I’d missed this event in 2010 and so was pleased to have the hoopla to distract me from my post-tropical trauma. I’ve included a small collection of my photos with this blog posting.

Art Deco Week celebrates the 1930s and highlights the fashion and architecture and modes of transportation that were in vogue when Napier was being rebuilt after being levelled by the 1931 earthquake.

And then, mere days after Napier residents parked their Model Ts for another year, Christchurch is devastated by the second earthquake to strike the Canterbury area in five months. Lives are lost, historic buildings crumble to dust and an entire country mourns.

I wonder which architectural style will rise, phoenix-like, from this shattered cityscape? And will anyone be celebrating it 80 years from now?

No dress code required.

I set myself a challenge for the new year and I named that challenge the Daily Photo Project.

The plan was simplicity personified: post a new photo on this blog site each and every day of 2010. What I didn’t know at the time is this: simplicity is a bitch.

For instance, do I take a new photo every day, or post a new photo every day?

It quickly became obvious that weather conditions would play a factor in this project. As would the availability of free time on a workday.

And so the parameters shifted. If I managed to capture several excellent images on one day, I gave myself permission to archive some of them for later. Just not too much later.

One problem solved. Leaving this question: What do I take photos of?

I may not know a lot about depth of field or F-stops, but I know what I like. And so I just kept my eyes open for anything that struck me as interesting or oddball or colourful.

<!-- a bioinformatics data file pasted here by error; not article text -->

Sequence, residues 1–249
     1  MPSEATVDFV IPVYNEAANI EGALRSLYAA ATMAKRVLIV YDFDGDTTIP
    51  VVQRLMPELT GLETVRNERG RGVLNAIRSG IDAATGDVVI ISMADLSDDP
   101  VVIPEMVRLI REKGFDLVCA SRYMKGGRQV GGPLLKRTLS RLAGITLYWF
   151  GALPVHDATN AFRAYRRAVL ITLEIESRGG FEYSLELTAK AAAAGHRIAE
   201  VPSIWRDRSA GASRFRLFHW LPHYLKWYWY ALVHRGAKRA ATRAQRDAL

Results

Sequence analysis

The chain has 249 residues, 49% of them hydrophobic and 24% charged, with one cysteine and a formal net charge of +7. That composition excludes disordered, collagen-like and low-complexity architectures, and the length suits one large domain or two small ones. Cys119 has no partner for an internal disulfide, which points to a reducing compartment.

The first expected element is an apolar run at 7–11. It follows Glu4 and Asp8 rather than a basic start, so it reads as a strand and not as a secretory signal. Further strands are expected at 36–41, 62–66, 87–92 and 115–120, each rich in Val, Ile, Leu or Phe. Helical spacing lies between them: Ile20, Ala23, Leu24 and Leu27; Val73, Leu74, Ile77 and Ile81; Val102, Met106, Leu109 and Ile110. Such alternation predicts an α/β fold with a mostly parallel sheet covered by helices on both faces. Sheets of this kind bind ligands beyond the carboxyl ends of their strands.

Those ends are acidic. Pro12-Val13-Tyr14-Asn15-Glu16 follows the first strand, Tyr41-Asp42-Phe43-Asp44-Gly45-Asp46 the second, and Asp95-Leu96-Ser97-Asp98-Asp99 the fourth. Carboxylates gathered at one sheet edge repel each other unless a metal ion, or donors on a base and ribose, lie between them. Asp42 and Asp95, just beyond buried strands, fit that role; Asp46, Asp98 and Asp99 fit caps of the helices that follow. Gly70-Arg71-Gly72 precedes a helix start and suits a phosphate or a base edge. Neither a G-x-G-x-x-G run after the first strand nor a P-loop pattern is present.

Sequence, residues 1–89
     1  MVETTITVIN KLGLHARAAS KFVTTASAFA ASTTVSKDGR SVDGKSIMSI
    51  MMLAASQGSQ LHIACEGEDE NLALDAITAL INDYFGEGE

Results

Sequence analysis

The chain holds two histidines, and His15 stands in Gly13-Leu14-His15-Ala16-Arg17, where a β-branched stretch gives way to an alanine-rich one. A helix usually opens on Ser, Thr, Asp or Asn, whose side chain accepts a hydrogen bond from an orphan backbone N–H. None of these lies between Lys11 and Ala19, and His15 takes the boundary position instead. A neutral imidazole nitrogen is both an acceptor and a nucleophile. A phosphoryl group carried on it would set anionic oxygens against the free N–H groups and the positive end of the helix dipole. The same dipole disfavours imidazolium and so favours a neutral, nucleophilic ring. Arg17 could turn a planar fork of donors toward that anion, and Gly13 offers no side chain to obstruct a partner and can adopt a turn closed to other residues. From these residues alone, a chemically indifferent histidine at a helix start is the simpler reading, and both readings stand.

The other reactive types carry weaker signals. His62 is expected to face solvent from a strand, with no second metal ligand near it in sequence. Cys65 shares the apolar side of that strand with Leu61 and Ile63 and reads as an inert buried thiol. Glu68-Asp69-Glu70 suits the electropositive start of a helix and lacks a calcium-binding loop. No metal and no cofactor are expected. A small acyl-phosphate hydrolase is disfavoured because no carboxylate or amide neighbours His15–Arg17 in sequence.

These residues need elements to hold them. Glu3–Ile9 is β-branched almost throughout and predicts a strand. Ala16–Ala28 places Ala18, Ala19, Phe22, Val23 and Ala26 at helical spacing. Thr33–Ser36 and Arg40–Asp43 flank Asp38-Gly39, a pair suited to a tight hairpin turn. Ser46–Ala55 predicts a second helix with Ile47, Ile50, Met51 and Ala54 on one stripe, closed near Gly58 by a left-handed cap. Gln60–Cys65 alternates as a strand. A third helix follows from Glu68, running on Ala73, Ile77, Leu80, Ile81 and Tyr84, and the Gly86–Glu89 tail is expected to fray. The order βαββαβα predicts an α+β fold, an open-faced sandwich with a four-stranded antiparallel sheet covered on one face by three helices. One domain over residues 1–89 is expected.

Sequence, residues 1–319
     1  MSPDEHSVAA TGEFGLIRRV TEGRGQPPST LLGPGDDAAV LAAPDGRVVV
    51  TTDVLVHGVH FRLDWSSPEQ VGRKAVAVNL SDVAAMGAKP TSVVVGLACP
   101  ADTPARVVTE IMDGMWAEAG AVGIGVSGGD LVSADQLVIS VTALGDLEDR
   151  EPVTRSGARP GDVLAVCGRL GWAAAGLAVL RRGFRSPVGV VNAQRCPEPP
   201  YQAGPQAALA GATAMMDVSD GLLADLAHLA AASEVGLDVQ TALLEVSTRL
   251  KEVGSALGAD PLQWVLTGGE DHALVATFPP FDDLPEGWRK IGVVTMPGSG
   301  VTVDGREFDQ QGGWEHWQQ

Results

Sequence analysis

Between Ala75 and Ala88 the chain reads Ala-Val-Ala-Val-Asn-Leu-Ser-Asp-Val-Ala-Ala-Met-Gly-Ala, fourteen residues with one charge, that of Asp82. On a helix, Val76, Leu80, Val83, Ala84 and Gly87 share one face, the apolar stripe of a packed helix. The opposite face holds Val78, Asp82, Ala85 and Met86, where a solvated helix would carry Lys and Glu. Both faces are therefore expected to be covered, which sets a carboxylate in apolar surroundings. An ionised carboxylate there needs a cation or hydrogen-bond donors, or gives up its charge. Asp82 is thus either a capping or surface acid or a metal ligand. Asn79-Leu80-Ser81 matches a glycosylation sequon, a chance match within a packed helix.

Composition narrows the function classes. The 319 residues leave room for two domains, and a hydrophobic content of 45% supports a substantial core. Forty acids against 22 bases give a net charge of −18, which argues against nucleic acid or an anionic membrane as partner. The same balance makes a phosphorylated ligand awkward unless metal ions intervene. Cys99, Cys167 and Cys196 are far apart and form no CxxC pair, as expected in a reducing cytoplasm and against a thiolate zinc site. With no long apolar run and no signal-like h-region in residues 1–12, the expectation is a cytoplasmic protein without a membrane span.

People shots tend to be eye-catching and, because it’s summer here in New Zealand, I didn’t have to look far to find the good and kind folk of Napier out and about in the sun. Armed with a telephoto lens — because no one appreciates a total stranger sticking a camera in their face — I walked to the nearest beach.

I tried to be judicious in my subject matter, because even in a public place, people deserve some privacy. I hesitated for a long time over posting the photo of the naked toddler frolicking on the beach (Jan. 20). In the steely, pursed-lipped, unwavering eye of the law, would this somehow make me a child pornographer?

I finally did decide to download the photo to my blog because a) there are no visible genitalia (I may have taken the photo but even I have no idea of the kid’s gender; b) there is an obvious sense of freedom in the action, the sort we all enjoyed before the responsibilities of adulthood drained such golden-hued fun right out of us; and, c) it’s just a bum, for crying out loud.

Not that bums can’t get you in trouble.

An example: Viking Woman and I have just hiked to the highest point on the island of Aitutaki. I snap off several photos, including one of my beloved framed by the perfect cobalt blue of the ocean. Later, the photo is one of several used in a travel story, published in the Langley Times, about our visit to the Cook Islands. Forty thousand copies; 40,000 households looking at . . .

“My ass!”

“What’s that, honey?”

“There’s a picture of my ass in the paper.”

I clear my throat. “Actually, that’s a very nice photo of you looking out over the jungle and the water,” I say. “Readers will look at the scenery.”

“Readers will look at my ass.”


She cuts me off: “Here’s a news flash for you, Mr. I Paint With Light. You never — and I mean never-ever — take a picture of a woman from behind. Are we clear on that, or would you like me to have that tattooed on your forehead?”

“Yes, dear,” I say, nodding maybe a little too vigorously. “Love you!”

And that’s how I learned that cameras are dangerous tools and you really do need to be careful where you point them.

I have a friend whom I’m going to call Carl, to protect his privacy from being violated, and my ass from being kicked.